Thursday, January 22, 2004
Recent Vice News From the Blogosphere
Adopting, yea, even perfecting the lazy person's guide to vice blogging, let me pass along some pointers to vice policy activity at better blogs:
(1) Mark Kleiman notes the suspension of the Arrestee Drug Abuse Monitoring (ADAM) program, source of much of our information about heavy drug use in the United States. Reasons for the suspension of ADAM remain murky, but Kleiman does mention that our nation's President found time in the State of the Union address to propose more funds for high schools that would like to administer drug tests to their students. (Remember South Carolina Senator Ernest Hollings's response when a challenger for his senate seat asked Hollings if he would take a drug test? It was along the lines of: "I'll take a drug test if he takes an IQ test.")
Over at Crescat, Peter Northrup makes a less than half-hearted, second-best argument that maybe losing the data on heavy users isn't so bad: "If all drug policy officials looked at--all they could look at--were the data on casual users, maybe we'd have a drug policy that was merely bad, rather than inexcusable."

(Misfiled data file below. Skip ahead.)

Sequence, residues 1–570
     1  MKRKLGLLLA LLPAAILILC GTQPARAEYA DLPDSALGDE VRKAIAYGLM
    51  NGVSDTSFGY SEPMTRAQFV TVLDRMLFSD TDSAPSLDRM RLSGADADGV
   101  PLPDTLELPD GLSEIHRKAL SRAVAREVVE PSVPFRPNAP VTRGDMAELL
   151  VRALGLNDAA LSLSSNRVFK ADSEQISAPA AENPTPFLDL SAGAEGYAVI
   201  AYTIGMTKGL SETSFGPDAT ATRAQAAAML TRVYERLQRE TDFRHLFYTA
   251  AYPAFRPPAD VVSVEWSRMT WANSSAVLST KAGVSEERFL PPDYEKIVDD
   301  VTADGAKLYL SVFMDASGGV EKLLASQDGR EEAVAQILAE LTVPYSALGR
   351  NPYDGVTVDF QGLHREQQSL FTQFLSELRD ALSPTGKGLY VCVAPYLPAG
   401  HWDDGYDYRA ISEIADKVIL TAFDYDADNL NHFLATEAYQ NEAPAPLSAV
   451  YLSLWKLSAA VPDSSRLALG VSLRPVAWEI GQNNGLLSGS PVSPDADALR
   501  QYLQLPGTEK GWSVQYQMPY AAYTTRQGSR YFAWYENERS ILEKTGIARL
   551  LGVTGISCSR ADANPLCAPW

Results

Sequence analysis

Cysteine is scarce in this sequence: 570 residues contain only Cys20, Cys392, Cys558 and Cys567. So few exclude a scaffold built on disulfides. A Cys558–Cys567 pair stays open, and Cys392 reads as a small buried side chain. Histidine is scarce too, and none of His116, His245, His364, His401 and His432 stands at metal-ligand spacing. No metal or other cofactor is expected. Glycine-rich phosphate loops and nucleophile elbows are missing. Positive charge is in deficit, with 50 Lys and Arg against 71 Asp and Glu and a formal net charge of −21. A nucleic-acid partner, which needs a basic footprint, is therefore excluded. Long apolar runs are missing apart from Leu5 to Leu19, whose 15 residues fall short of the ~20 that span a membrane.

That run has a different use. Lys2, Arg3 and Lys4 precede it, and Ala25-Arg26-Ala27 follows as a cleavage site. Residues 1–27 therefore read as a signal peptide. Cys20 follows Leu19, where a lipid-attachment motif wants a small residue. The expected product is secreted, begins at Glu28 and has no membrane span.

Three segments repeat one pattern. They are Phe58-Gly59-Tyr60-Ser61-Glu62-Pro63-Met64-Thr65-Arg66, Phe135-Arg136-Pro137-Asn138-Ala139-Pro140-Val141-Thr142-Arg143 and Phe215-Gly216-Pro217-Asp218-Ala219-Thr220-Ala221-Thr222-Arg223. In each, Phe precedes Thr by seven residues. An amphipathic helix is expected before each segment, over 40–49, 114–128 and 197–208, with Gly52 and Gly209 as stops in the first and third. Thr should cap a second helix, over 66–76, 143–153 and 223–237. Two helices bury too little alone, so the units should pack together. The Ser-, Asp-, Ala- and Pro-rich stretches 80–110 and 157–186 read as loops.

(2) At Marginal Revolution, Alex Tabarrok joins the Free Tommy Chong forces. While at Marginal Revolution, check out Tyler Cowen's post on how smokers who cut down partially offset the reduction in cigarettes by smoking more intensely. For more on this topic, and evidence that the offset (in this case, brought on by increased excise taxes that induce a shift to higher tar and nicotine cigarettes) is more than complete for young smokers, see William N. Evans and Matthew C. Farrelly, “The Compensating Behavior of Smokers: Taxes, Tar, and Nicotine,” Rand Journal of Economics 29: 578-595, Autumn 1998.
(3) Ken Lammers at Crimlaw documents the most recent (and most outrageous?) inroad into Fourth Amendment rights, in the service of ensuring that factually-guilty defendants will not walk. Naturally, the case involves (in part) drugs.